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What you need to know about Zika Virus When Traveling

How is Zika Virus spread? It is spread by the two types of Aedes mosquito, which is known to exist in southern and eastern parts of the United States.  (see map) The Aedes mosquito has not been detected in Wisconsin.  It can also be spread from person to person thru sexual contact.

 zika map blue  zika map green

 

Estimated range of Aedes aegypti (left) and Aedes Albopictus (right)mosquito (Source:  CDC)

The Aedes aegypti is the primary species that transmits the virus, the Albopictus species is less likely to spread the virus, but could.  Here is a link for foreign countries and US Territories that have known Zika transmission:

http://wwwnc.cdc.gov/travel/page/zika-travel-information

How many people in the above states will get Zika virus?  It is hard to predict how many people could become infected in the above areas; efforts are underway to reduce those risks, and educate people on how to protect themselves.

What are the risks if someone has Zika virus:  The biggest risks are for women who are pregnant, or could become pregnant.  Zika virus has been linked to microcephaly, a serious birth defect that affects an infant’s brain function.  Zika virus can be transmitted from a mother to a baby during pregnancy.  Women could become infected from a mosquito bite or thru sexual contact with an infected partner. 

What are the symptoms of Zika virus:  The virus typically causes relatively mild symptoms - fever, headache, skin rash, red eyes and muscle aches. Symptoms usually clear up within a few days. In fact, many people who are infected have no symptoms, but could still spread the illness to a partner through sexual contact.  There is no vaccine or specific drug to treat this virus.

 

What can people do to protect themselves from Zika virus?

Outdoors

  • Cover up. Wearing long sleeves and pants makes it more difficult for insects to bite. Pants can also be tucked into socks for added protection.
  • Apply bug spray. DEET effectively repels both mosquitoes and ticks. Permethrin works, too, but may only be applied to clothes. Picaridin is another bug repellent, but only protects against mosquitoes.
    • Always follow the product label instructions.

      • Reapply insect repellent as directed.
      • Do not spray repellent on the skin under clothing.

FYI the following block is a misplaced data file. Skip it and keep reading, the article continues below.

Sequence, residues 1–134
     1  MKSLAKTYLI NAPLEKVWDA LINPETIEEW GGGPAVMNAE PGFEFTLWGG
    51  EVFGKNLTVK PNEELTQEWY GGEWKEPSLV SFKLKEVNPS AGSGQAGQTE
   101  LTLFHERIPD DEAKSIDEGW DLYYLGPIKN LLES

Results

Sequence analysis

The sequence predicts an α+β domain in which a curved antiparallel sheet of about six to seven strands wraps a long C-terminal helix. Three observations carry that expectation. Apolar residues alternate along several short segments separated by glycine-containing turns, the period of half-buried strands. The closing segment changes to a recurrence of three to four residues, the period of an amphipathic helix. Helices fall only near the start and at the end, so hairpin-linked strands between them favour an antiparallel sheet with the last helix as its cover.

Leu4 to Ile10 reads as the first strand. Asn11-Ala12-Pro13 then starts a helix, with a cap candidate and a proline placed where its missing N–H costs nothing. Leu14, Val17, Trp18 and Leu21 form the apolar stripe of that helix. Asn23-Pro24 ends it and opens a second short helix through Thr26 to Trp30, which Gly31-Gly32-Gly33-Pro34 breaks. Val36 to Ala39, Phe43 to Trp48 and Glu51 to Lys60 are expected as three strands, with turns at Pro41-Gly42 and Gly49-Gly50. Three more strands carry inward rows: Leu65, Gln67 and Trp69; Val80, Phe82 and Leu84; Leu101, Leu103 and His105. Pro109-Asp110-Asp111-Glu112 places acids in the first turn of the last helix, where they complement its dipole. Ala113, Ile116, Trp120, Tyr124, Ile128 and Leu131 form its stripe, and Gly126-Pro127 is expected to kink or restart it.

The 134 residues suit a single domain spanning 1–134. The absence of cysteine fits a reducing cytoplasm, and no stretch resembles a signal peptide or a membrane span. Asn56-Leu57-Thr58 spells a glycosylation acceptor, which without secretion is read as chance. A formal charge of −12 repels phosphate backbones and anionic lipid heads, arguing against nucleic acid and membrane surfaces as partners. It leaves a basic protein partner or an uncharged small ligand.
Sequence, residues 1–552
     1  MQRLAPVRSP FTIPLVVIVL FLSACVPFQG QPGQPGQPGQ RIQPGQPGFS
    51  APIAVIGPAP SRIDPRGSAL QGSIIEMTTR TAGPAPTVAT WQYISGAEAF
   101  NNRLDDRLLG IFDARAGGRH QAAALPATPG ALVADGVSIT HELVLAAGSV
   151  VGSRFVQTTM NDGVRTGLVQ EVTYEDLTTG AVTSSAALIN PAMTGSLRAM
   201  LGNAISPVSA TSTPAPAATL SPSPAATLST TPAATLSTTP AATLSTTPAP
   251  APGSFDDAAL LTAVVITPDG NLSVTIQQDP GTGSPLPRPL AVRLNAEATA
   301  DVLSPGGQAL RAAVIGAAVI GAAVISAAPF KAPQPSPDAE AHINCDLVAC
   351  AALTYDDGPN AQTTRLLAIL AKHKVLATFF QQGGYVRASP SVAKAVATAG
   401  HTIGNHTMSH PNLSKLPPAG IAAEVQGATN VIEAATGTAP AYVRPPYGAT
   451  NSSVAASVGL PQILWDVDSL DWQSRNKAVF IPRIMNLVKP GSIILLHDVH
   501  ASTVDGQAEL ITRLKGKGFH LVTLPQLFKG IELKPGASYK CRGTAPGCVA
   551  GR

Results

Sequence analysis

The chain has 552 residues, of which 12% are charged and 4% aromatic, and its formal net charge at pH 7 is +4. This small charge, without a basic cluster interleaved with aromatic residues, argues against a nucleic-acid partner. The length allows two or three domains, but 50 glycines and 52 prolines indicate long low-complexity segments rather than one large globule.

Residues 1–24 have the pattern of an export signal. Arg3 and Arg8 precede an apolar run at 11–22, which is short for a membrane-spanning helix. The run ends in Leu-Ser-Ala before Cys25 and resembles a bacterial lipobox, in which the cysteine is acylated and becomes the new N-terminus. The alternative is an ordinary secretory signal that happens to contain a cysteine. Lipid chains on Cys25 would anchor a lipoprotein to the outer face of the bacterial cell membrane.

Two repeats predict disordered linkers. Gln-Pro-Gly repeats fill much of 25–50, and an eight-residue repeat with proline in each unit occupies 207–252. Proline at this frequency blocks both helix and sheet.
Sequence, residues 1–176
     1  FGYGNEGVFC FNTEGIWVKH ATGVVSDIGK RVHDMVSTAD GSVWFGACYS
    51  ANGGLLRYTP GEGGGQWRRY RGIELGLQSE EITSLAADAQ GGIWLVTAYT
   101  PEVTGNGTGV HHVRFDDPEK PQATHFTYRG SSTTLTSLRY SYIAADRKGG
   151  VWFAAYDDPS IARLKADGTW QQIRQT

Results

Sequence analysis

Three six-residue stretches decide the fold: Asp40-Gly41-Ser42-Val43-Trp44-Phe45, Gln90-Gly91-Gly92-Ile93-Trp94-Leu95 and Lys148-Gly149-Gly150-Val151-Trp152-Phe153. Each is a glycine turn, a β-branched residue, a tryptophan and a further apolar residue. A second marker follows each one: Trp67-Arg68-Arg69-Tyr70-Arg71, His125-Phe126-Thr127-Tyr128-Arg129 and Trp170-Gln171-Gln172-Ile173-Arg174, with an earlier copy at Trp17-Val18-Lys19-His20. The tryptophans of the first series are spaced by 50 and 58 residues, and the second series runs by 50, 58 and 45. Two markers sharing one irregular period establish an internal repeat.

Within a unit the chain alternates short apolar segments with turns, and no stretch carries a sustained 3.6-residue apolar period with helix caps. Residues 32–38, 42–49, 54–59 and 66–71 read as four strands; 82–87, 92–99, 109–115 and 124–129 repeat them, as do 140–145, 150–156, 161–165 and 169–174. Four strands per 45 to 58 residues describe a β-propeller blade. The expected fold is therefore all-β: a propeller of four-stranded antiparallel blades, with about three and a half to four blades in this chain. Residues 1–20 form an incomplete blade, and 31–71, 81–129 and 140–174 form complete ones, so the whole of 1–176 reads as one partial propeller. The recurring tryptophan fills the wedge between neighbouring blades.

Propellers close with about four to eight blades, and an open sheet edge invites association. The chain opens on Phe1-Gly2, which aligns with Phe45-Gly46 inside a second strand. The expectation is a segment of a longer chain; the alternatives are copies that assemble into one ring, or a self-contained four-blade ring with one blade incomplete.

• If you are also using sunscreen, apply sunscreen before applying insect repellent.

    • Stay indoors at times when mosquito activity is high.  The Aedes mosquito tends to be active during the daytime. 
    •  

      Interior

  • Stay in places with air conditioning and window and door screens to keep mosquitoes outside.
  • Sleep under a mosquito bed net if you are overseas or outside and are not able to protect yourself from mosquito bites.
  • If you are pregnant

    • Avoid traveling to Zika affected areas.If you must travel, talk with your provider, and be diligent in your efforts to prevent being exposed to mosquitoes.
    • Until more is known, pregnant women with male sex partners who have lived in or traveled to an area with Zika virus should either use a condom every time they have sex or not have sex during the pregnancy.
    • Women trying to get pregnant and their male partners should talk to their doctor or other healthcare provider before traveling to areas with Zika. Because sexual transmission is possible, both men and women should strictly follow steps to prevent mosquito bites during the trip.

    What should someone do if they think they have Zika virus: Manage the symptoms, using over the counter medicines like Tylenol or Ibuprofen.  You can contact your doctor about being tested; be sure to tell them you’ve travelled to an area where the Zika virus does (or could exist).

    To learn more about mosquito bite protection, visit the Centers for Disease Control and Prevention at:  http://www.cdc.gov/Features/stopmosquitoes/index.html